Morning Report: Housing starts jump

Vital Statistics:

 LastChange
S&P futures4,1697.4
Oil (WTI)63.52-0.04
10 year government bond yield 1.58%
30 year fixed rate mortgage 3.16%

Stocks are higher this morning on strong economic numbers out of China. Bonds and MBS are up.

Housing starts jumped 19% MOM and 34% YOY to a seasonally-adjusted annual rate of 1.74 million units. This is certainly a good number, however remember the base case issue – in March of 2020, the economy was shut down, and in February we had a lot of bad weather. Still, it is an encouraging number. In the grand scheme of things, 1.7 million is not that huge of a number; in fact it is just about average.

Note that chart goes back to the 1950s, and the US population has increased substantially since then. If you take the series and divide it by the US population, you get a sense of how much the US has underbuilt over the past decade.

Building Permits rose 30% YOY to 1.72 million. On a month-over-month basis, they rose 2.7%.

As the starts divided by population chart shows, the US needs a lot of housing immediately. Existing home sales data shows a dearth of inventory, and home price appreciation is soaring. In the fourth quarter, just about every homebuilder was reporting fat gross margins, so the builders have every incentive to build, especially since work-from-home has made the exurbs more attractive. The exurbs, with cheaper land will attack some of the affordability issue. Housing will finally do some of the heavy lifting for US economic growth.

Congress is also introducing a bill to encourage more building near transit stops. My guess is this is primarily a messaging bill since local communities really call the shots with zoning and environmental statements, etc. With all of the headaches of building in the cities, with workers heading outwards, along with eviction moratoriums, I can’t see developers getting too excited about this, but you never know.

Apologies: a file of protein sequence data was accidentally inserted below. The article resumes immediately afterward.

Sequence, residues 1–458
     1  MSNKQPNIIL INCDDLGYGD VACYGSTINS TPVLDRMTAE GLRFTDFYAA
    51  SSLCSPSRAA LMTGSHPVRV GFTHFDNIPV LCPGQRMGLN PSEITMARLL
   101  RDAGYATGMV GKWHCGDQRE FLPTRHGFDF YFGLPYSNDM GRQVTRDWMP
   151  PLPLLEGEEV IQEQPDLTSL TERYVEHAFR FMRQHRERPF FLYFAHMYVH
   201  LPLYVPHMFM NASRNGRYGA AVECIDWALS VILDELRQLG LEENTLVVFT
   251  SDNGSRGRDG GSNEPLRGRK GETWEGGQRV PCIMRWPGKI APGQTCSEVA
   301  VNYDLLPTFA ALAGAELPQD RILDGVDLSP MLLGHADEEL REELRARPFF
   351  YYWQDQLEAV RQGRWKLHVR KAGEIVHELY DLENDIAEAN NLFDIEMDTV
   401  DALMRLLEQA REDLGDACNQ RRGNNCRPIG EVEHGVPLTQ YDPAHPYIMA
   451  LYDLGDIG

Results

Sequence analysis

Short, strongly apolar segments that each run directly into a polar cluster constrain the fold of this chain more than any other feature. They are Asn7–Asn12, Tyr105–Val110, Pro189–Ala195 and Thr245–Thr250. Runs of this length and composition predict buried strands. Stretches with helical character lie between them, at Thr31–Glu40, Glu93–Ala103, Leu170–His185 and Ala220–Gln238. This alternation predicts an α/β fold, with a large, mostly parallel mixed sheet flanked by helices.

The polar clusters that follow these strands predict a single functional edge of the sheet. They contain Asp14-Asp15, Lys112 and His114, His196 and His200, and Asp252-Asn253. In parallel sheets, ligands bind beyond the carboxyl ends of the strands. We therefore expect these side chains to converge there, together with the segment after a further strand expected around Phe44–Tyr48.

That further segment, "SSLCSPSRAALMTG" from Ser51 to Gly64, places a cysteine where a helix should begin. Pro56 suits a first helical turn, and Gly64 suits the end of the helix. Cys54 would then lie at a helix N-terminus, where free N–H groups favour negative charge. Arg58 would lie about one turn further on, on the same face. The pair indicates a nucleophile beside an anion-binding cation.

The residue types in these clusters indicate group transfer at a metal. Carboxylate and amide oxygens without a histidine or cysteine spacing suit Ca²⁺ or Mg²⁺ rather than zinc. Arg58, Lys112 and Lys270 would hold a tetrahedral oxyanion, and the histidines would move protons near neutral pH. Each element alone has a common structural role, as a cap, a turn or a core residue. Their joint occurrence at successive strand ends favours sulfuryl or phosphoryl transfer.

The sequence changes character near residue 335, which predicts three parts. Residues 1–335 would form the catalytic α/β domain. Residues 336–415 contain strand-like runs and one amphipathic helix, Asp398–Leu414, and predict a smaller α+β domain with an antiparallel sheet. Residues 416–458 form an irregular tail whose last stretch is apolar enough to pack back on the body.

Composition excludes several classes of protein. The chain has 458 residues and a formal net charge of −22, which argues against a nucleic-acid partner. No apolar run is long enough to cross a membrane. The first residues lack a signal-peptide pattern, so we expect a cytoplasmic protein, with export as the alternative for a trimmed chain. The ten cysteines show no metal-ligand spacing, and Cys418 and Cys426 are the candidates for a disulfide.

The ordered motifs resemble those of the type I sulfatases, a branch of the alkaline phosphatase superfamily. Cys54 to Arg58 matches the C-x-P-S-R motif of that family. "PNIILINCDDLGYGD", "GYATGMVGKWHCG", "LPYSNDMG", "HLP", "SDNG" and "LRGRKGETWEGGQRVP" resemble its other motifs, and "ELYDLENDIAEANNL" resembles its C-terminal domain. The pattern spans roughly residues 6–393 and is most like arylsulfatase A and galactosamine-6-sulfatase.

The Biden Admin is planning a first-time homebuyer bill. It would provide $25,000 cash, usable at closing, for certain first-time homebuyers. It would be available only to first-generation and economically disadvantaged homebuyers. It will be means-tested and will be available only to people who make less than 120% of area median income, and their parents could not have owned a home in the past 3 years (although if the parents lost their home in a foreclosure or short sale, it won’t apply). The base-case grant is $20k, but if you are part of a group that has been “subjected to racial or ethnic prejudice” you get an extra $5k. It sounds like there will be a lot of moving parts here, so it will be interesting to see how much of an impact it really makes.

Consumer Sentiment improved in April, according to the University of Michigan Consumer Sentiment Survey. The improvement was driven more by current economic conditions than it was by future expectations, which is also encouraging.

Morning Report: Freddie Mac introduces new forecasts

Vital Statistics:

 LastChange
S&P futures4,14224.4
Oil (WTI)62.74-0.44
10 year government bond yield 1.60%
30 year fixed rate mortgage 3.20%

Stocks are higher this morning after a strong retail sales number. Bonds and MBS are up.

Freddie Mac released its quarterly forecast yesterday. Freddie sees the 30 year fixed rate will average 3.2% in 2021, while rising throughout the year. It sees a 3.4% fixed rate in the fourth quarter of 2021, and it hitting 3.8% in the fourth quarter of 2022. This will drive refi volumes to $1.8 trillion in 2021 and $800 billion in 2022.

Freddie sees home price appreciation to decrease in 2021, falling to 6.6% from 11% in 2020.

March was the hottest month in housing history, according to Redfin. The median house price rose 17% YOY to $353,000. Housing inventory fell 29% and homes sold in 25 days, with 42% trading above list. I suspect all of the housing data for the next few months should have an asterisk next to it since we are comparing to lockdown months. Still, the rise in prices is undeniable.

Retail Sales rose 9.8% in March, driven by stimulus payments and an easy comparison to February which had a lot of bad weather.